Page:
Zora Neale Hurston’s Their Eyes Were Watching God is a novel illustrating the life of an African American woman that finds her voice through many trials and tribulations. At the heart of the story, Hurston portrays a protagonist who moves from a passive state to independence, from passive woman with no voice who is dominated by her husband to a woman who can think and act for herself. Hurston achieves the greater theme of Their Eyes Were Watching God, of self-expression and independence through her use of three basic southern literary elements: narrative structure, ¬¬¬¬¬allegory, and symbolism. A brief inspection of these three basic elements will reveal how Their Eyes Were Watching God achieves its inspiring effect.
Zora Neale Hurston’s Their Eyes Were Watching God helps us envision the struggles and battles of oppression of an African American woman, named Janie, during the turn of the century. As Janie strives for happiness and love we are provided with multiple examples abuse, disrespect and tyranny on behave of her own individuality, goals and dreams. Not only do we see that Janie was extremely disrespected but also misconceived on their roles in the social ladder in a severe patriarchal society.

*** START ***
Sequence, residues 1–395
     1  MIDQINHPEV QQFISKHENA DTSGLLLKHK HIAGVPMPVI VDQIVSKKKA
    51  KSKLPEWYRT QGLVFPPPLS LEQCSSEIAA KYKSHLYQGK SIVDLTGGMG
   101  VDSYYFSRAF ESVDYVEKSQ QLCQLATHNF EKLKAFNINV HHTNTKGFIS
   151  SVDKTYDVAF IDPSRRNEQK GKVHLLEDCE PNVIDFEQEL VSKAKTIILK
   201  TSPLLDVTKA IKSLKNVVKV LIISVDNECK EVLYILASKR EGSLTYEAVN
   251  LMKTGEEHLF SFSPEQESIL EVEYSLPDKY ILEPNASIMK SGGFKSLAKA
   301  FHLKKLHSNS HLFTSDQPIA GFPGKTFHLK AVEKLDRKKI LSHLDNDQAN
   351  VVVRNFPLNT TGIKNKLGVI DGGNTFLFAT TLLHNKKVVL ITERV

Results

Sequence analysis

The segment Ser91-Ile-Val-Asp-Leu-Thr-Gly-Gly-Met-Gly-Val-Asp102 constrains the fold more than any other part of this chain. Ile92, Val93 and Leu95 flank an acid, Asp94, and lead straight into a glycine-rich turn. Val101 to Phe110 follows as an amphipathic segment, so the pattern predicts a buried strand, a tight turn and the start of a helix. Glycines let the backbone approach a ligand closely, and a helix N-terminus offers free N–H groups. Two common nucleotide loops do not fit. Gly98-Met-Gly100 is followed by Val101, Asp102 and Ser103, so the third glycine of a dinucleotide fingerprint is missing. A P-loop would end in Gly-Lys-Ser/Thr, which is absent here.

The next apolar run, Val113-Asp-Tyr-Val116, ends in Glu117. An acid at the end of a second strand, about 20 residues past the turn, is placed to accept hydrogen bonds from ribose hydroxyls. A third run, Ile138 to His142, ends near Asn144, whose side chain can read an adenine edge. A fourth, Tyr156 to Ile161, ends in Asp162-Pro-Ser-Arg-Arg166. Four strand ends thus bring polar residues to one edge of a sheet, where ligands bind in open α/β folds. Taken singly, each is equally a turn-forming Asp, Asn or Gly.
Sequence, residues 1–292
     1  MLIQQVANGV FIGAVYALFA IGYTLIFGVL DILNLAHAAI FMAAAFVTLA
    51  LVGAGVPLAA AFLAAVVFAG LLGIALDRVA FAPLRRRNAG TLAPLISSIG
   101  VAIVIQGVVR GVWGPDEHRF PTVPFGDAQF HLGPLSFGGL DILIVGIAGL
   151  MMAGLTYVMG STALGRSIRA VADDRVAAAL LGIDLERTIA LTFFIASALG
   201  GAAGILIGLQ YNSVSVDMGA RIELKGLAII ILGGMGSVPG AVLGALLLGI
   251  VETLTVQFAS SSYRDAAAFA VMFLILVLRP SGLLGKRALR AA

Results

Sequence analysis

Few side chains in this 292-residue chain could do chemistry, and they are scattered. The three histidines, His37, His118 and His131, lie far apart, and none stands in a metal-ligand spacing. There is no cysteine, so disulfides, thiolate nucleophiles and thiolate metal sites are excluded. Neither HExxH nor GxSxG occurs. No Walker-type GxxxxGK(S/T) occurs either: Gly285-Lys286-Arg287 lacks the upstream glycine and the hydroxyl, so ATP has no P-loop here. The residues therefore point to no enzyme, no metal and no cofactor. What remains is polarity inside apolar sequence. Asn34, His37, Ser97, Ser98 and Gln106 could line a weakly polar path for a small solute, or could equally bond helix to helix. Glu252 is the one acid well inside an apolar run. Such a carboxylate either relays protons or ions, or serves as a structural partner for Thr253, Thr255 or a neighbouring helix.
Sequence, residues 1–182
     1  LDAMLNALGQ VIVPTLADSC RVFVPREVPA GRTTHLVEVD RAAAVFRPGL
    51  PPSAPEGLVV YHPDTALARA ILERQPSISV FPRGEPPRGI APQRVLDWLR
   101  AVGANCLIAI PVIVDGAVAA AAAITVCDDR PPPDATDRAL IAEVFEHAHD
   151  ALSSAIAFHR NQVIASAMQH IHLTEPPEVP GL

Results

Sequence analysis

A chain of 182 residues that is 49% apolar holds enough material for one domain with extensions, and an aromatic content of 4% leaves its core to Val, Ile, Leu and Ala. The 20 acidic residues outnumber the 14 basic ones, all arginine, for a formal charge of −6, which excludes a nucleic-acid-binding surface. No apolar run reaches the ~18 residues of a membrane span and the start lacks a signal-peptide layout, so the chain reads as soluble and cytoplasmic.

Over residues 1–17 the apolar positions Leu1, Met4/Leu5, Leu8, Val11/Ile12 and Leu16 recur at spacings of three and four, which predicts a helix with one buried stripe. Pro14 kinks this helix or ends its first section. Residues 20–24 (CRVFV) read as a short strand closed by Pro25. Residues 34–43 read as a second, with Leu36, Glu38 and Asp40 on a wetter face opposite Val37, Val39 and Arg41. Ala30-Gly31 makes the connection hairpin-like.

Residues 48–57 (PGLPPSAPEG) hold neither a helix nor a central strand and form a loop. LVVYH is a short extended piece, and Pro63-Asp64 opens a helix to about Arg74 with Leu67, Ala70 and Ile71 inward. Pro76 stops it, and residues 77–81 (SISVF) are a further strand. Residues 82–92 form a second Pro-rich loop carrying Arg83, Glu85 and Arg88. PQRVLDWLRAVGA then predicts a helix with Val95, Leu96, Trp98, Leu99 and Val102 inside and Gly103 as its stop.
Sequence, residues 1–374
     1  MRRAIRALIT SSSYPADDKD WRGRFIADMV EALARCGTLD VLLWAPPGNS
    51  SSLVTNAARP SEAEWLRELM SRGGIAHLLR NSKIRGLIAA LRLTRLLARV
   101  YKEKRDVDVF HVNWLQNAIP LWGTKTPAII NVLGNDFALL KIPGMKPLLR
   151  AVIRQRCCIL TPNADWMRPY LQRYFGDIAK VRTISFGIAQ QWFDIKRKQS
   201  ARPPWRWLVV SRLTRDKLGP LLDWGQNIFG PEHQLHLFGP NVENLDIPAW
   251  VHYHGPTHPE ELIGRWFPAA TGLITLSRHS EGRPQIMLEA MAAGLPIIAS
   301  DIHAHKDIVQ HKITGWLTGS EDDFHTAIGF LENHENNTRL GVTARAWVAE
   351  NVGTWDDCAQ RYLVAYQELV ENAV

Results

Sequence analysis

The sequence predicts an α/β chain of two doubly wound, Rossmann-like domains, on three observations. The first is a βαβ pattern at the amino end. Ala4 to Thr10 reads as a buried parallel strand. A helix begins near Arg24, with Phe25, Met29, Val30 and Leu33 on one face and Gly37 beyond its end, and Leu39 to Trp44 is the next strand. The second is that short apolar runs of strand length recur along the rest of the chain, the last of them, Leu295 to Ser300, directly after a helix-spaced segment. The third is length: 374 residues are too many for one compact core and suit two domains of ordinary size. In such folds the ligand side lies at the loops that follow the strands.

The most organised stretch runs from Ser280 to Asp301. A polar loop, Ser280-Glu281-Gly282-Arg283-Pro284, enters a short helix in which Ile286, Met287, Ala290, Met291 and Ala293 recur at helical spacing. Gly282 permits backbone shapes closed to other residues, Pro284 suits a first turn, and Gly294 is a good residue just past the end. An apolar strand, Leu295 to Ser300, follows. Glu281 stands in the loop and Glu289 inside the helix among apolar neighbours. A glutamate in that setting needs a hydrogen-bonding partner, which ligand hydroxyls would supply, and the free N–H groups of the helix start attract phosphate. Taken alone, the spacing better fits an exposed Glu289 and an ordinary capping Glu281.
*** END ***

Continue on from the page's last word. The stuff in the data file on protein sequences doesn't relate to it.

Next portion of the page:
Christianity is an essential part of the women’s slave narratives that were read thus far. As slaves bounded by their foreign masters, the religion of Christianity has shaped the black community’s way of thinking and their way of life as a whole. While the majority of slaves converted to Christianity, the women were very passionate with their Christian faith as they used it as a fundamental anchor to allow them to keep hope alive in times of struggle and strife. The three narratives that are chosen to illustrate this role of Christianity within the lives of slave women are the narratives of Memoir of Old Elizabeth: a Coloured Woman, A Slave Girl’s Story: Being and Autobiography of Kate Drumgoold, and Memories of Childhood’s Slavery Days by Annie L. Burton.
Living during the early nineteen hundreds was not easy for African American women. Women gained power through marriage, but they still were looked down upon and treated like slaves. In the story “Their Eyes Were Watching God,” Zora Neale Hurston uses diction, symbolism, and foreshadowing to reveal how Janie sought to discover her own identity marrying three different men who helped her discover her independence leading to the fact that women were poorly treated during this time period and deserved more respect than they received.
In the novel, the author proposes that the African American female slave’s need to overcome three obstacles was what unavoidably separated her from the rest of society; she was black, female, and a slave, in a white male dominating society. The novel “locates black women at the intersection of racial and sexual ideologies and politics (12).” White begins by illustrating the Europeans’ two major stereotypes o...